What do you like most about webworking?


It is far more capable to be a webworker now than ever before. The abundance of connected applications and technology that we are presented with leaves the possibilities open and endless. The advent and growth of these technologies has elevated webworking for many individuals. Now a question for you… What do you like most about being a webworker? Is it the freedom to work when you want to work? The possibilities to work from anywhere? The culture? Doing things effectively and your way? Working in your own space? Share your thoughts because rumor has it that 2007 is the year of the webworker.



To me, it’s the creative aspect involved with web development that got me addicted. I love having the feeling that we can change the world or rather, to be more modest, change the way others use their computers.

I love how the web is evolving. I love blogs since it allows remarkable indivudals to get hear and share their ideas. I love Ajax, simplicity, tagging and everything else that is web 2.0, although i pay attention to not say something is cool just because it’s 2.0.

I love the Web because it’s becoming pretty (like this blog). I love the Web because it is (still) neutral. I love Firefox, Google and del.icio.us. I enjoy reading AListAPart and the dilbert blog. I love RSS and podcast feeds. I love developing with Rails while learning Django. I love talking about accessibility, usability, design and good development practices. I love learning new stuff. I love fighting in order to help make the web more interesing and accessible for those who don’t care at all.


Being a freelancer allows me to control what role work plays in my life. Being a web worker is just further refinement of that. I am lucky to really like the work I do, but there are a lot of other things I like to do with my time as well.

As an employee or someone with an office job, I’m beholden to forces that determine my availability to go camping for six weeks, eat lunch at home with my husband, make me get dressed in something other than my pajamas… but as a web worker? I get to decide.

And all the “other stuff” about working – beyond the deliverable – gets downgraded in priority to where I think it should it to be.

Alex Payne

For me it’s about how web working transforms the problem-solving process. Without a meeting room to idle about in, endlessly debating, people actually get things done. Problem solving turns from “how about this idea?” to “how about this implementation?”, and that keeps work interesting.

The freedom of schedule and freedom from dreary offices is nothing to sneeze at, either.

Deirdré Straughan

I worked mostly remotely from Italy for a Silicon Valley company from 1994-2001. The upsides included a much bigger paycheck than I could have had working strictly locally (Italian salaries suck), a lot of flexibility during my daylight hours (but often I was in phone conferences from 6 pm on – the 9-hour time difference was a huge problem), and that I almost entirely managed myself (and, later, a world-wide team of remote workers).

Downsides included: staff turnover at HQ made me increasingly vulnerable – when no one knows you, and they don’t have a clear picture of what you do (online marketing/customer service was radical at that time), they don’t much care whether they keep you or not. Travelling to Milpitas four times a year, including long stays during the summer, assuaged that to some extent.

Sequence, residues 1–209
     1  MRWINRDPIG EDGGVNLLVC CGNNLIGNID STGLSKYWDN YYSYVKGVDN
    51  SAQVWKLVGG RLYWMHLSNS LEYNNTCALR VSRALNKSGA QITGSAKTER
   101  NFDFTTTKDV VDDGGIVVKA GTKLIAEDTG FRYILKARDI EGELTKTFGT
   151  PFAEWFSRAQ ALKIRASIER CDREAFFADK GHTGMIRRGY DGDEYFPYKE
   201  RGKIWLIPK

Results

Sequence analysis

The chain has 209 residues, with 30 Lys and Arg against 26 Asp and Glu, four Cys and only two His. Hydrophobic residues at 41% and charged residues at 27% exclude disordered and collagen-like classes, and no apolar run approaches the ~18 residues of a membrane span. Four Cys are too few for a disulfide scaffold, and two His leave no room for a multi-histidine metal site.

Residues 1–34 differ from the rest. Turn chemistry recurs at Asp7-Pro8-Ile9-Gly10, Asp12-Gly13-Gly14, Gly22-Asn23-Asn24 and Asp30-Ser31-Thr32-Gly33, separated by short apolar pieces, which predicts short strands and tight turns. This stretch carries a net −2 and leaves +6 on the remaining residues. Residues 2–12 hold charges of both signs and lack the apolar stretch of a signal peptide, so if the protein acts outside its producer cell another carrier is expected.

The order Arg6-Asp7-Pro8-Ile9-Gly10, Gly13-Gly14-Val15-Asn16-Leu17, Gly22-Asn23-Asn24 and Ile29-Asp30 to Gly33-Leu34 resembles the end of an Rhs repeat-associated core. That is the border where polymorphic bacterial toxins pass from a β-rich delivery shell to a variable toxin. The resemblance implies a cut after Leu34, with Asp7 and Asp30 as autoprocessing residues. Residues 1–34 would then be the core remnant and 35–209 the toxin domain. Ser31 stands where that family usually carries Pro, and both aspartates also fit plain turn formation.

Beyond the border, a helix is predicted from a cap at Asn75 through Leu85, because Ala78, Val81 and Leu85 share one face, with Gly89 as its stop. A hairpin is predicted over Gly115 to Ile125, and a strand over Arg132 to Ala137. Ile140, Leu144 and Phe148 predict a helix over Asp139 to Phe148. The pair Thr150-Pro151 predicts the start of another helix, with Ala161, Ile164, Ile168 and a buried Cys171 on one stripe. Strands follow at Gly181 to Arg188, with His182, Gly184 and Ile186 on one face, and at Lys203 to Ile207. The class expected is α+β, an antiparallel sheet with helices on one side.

My own space?!? ROTFL. We lived in a three-room apartment in Milan. My workspace was a corner of our bedroom. Now we live in a much bigger place, on Lake Como, and I actually have a home office – but I have an office job and commute to Milan every day. Wouldn’t mind going back to web working…


Designing for web; what I like about the web most is the same as what irritates me the most too.

It’s continually changing


My reason isn’t nearly as complex. My wife and I are expecting our first child at the end of this month and I will get to be around to see her all day. That’s what I like the most. Oh yah, I also get to wear my pajamas all day.


I think the applications and benefits of having a better connected world makes doing some jobs easier than others. In my current job, the flexibility ended when my laptop decided to quit working properly. The result was a more powerful desktop, but a reduction in some of the things that made work enjoyable, like the ability to update the compnay website from wherever I was without having to worry about firewalls or the drive into the office.
If I could make a career change, I’d love to make a shift to more of a digital magazine type atmosphere. There would be more hours, but the results of enjoying the job more and the freedom to be extremely creative with it far outweighs the other stuff. Teleconferencing and meeting deadlines are much easier now thanks to some of the WYSIWYG editors for everything from blogs to work plans. I enjoy where I live and would hope that something would be available that would allow me to stay here and enjoy the benefits of Birmingham while enjoying the fun of working and doing something enjoyable. We’ll see if the web allows that to happen in ’07.


By far, the coolest thing about being a web developer is reaching people far and wide and giving them something they value, usually for free. My job didn’t exist a few years back. I’ve been able to carve out my own niche, create new technology, and lay the foundation for legal automation – all from the comfort of my bedroom.

Comments are closed.